Five articles on PainSci cite Altman 2009: 1. The Complete Guide to Patellofemoral Pain Syndrome 2. The Complete Guide to Neck Pain & Cricks 3. Voltaren Gel: Does It Work? 4. “Windows of Opportunity” in Rehab 5. The Science of Pain-Killers
original abstract †Abstracts here may not perfectly match originals, for a variety of technical and practical reasons. Some abstacts are truncated for my purposes here, if they are particularly long-winded and unhelpful. I occasionally add clarifying notes. And I make some minor corrections.
Nonsteroidal anti-inflammatory drugs (NSAIDs) have shown efficacy in patients with osteoarthritis (OA) pain but are also associated with a dose-dependent risk of gastrointestinal, cardiovascular, hematologic, hepatic, and renal adverse events (AEs). Topical NSAIDs were developed to provide analgesia similar to their oral counterparts with less systemic exposure and fewer serious AEs. Topical NSAIDs have long been available in Europe for the management of OA, and guidelines of the European League Against Rheumatism and the Osteoarthritis Research Society International specify that topical NSAIDs are preferred over oral NSAIDs for patients with knee or hand OA of mild-to-moderate severity, few affected joints, and/or a history of sensitivity to oral NSAIDs.
In contrast, the guidelines of the American Pain Society and American College of Rheumatology have in the past recommended topical methyl salicylate and topical capsaicin, but not topical NSAIDs. This reflects the fact that the American guidelines were written several years before the first topical NSAID was approved for use in the United States. Neither salicylates nor capsaicin have shown significant efficacy in the treatment of OA.
In October 2007, diclofenac sodium 1% gel (Voltaren Gel) became the first topical NSAID for OA therapy approved in the United States following a long history of use internationally. Topical diclofenac sodium 1% gel delivers effective diclofenac concentrations in the affected joint with limited systemic exposure. Clinical trial data suggest that diclofenac sodium 1% gel provides clinically meaningful analgesia in OA patients with a low incidence of systemic AEs.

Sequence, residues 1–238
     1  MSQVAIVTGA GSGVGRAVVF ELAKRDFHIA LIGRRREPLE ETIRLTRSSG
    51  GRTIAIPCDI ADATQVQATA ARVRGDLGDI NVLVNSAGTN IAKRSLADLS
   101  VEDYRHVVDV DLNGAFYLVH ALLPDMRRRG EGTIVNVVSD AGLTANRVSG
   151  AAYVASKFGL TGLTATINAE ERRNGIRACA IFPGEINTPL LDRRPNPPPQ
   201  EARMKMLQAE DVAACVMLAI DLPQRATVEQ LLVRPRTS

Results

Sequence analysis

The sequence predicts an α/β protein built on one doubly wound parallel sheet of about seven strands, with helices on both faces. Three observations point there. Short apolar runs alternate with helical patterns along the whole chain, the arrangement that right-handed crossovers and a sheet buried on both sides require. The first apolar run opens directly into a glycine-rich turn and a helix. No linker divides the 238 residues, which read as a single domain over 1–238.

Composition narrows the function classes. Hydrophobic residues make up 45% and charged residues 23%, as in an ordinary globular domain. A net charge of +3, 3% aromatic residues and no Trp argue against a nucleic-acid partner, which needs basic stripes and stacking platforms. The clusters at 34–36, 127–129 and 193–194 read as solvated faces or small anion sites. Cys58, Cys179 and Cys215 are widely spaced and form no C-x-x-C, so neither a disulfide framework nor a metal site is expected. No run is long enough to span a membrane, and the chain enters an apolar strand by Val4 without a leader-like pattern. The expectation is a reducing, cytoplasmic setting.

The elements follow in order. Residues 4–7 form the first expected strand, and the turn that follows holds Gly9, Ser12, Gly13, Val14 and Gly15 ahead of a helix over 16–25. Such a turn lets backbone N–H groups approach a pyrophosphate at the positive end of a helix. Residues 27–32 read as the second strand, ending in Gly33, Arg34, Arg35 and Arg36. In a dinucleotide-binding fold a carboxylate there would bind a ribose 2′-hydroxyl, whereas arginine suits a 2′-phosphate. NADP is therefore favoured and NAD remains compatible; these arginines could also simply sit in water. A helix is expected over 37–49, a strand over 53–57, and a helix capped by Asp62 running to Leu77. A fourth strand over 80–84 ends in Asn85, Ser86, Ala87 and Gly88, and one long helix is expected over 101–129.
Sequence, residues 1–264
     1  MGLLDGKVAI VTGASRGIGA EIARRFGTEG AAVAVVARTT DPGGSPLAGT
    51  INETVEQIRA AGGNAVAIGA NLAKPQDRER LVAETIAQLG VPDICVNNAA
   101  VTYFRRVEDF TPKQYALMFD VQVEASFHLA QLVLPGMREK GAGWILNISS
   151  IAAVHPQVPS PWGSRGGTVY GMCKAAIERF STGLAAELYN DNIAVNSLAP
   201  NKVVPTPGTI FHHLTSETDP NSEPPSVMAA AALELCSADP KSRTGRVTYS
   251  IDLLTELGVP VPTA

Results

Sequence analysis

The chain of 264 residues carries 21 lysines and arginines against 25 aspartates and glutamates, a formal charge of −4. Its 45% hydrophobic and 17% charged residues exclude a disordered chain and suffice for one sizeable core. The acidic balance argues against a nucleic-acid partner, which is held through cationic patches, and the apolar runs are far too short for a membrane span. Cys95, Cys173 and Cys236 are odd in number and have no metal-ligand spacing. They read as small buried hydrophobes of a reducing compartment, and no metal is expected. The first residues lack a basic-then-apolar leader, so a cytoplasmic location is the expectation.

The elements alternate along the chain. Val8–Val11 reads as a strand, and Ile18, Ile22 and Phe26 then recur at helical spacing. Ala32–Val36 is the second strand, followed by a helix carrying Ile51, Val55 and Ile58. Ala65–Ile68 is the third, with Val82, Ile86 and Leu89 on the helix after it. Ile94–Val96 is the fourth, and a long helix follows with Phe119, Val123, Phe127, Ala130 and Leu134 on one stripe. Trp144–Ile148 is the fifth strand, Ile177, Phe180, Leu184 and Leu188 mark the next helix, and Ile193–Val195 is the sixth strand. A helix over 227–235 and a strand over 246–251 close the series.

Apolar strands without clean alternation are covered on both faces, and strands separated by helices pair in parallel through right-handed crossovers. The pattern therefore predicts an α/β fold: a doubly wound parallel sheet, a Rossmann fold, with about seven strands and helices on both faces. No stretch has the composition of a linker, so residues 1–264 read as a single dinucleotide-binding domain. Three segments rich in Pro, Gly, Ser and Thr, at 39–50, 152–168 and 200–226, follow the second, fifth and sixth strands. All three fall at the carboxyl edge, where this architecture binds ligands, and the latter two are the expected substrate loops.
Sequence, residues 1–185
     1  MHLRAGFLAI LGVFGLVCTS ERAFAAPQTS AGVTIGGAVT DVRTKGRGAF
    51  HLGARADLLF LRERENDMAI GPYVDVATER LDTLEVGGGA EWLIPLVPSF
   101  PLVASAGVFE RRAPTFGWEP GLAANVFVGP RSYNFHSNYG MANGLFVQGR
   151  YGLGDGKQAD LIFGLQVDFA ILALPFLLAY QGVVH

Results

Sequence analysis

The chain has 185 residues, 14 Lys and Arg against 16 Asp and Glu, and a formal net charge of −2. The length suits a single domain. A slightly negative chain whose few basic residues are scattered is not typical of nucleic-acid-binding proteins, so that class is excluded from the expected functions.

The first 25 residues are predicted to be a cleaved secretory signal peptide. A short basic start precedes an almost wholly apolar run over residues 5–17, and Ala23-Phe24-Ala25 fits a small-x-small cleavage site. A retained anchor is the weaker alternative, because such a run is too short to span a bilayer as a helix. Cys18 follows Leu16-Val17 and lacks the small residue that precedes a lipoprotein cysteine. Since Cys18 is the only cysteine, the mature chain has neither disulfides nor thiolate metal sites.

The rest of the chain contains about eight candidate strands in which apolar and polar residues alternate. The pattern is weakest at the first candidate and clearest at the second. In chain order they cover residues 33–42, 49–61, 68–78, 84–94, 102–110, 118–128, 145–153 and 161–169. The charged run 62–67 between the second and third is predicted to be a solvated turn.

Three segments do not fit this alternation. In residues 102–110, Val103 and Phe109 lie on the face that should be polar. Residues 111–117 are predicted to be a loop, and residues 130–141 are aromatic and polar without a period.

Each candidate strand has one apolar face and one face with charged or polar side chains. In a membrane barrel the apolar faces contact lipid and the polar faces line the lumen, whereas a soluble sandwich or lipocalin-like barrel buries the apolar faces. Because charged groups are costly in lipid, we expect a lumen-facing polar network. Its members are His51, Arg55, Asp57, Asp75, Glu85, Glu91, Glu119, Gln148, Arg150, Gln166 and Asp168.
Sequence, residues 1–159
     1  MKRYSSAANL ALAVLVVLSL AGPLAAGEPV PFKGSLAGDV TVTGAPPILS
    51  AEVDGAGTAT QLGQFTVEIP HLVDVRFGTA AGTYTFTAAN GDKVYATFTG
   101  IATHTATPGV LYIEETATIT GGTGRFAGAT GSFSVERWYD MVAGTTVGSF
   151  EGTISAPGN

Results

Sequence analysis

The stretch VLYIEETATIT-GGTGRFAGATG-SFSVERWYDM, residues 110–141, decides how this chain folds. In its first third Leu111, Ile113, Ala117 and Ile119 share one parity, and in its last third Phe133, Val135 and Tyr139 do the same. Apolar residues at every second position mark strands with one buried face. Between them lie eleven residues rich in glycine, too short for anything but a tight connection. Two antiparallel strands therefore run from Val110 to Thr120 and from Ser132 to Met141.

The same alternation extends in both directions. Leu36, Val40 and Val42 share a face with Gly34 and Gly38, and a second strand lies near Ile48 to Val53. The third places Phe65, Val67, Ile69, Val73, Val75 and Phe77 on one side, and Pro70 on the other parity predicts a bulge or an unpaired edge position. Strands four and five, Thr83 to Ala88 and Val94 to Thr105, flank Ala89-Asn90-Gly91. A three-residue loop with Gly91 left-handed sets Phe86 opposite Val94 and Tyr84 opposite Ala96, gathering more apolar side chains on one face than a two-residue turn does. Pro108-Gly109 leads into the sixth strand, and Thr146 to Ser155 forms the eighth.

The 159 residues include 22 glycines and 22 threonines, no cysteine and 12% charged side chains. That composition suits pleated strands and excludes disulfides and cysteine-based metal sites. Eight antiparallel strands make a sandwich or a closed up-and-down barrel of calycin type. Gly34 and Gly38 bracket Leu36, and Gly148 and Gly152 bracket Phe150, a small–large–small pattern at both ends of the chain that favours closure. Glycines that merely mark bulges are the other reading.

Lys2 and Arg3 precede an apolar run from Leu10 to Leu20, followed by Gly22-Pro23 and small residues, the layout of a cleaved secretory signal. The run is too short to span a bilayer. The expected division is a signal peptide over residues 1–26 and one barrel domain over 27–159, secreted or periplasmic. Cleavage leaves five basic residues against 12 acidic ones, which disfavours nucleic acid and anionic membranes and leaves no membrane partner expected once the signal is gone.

This review discusses the pharmacology, clinical efficacy, and safety profiles of diclofenac sodium 1% gel, salicylates, and capsaicin for the management of hand and knee OA.
- “Effectiveness and safety of non-steroidal anti-inflammatory drugs and opioid treatment for knee and hip osteoarthritis: network meta-analysis,” Bruno R da Costa, Tiago V Pereira, Pakeezah Saadat, Martina Rudnicki, Samir M Iskander, Nicolas S Bodmer, Pavlos Bobos, Li Gao, Henry Dan Kiyomoto, Thais Montezuma, Matheus O Almeida, Pai-Shan Cheng, Cesar A Hincapié, Roman Hari, Alex J Sutton, Peter Tugwell, Gillian A Hawker, and Peter Jüni, British Medical Journal, 2021.
- “Topical NSAIDs for acute musculoskeletal pain in adults,” Sheena Derry, R Andrew Moore, Helen Gaskell, Mairead McIntyre, and Philip J Wiffen, Cochrane Database of Systematic Reviews, 2015.
This page is part of the PainScience BIBLIOGRAPHY, which contains plain language summaries of thousands of scientific papers & others sources. It’s like a highly specialized blog. A few highlights:
- No long-term effects after a three-week open-label placebo treatment for chronic low back pain: a three-year follow-up of a randomized controlled trial. Kleine-Borgmann 2022 Pain.
- Exercise and education versus saline injections for knee osteoarthritis: a randomised controlled equivalence trial. Bandak 2022 Ann Rheum Dis.
- Association of Lumbar MRI Findings with Current and Future Back Pain in a Population-based Cohort Study. Kasch 2022 Spine (Phila Pa 1976).
- A double-blinded randomised controlled study of the value of sequential intravenous and oral magnesium therapy in patients with chronic low back pain with a neuropathic component. Yousef 2013 Anaesthesia.
- Is Neck Posture Subgroup in Late Adolescence a Risk Factor for Persistent Neck Pain in Young Adults? A Prospective Study. Richards 2021 Phys Ther.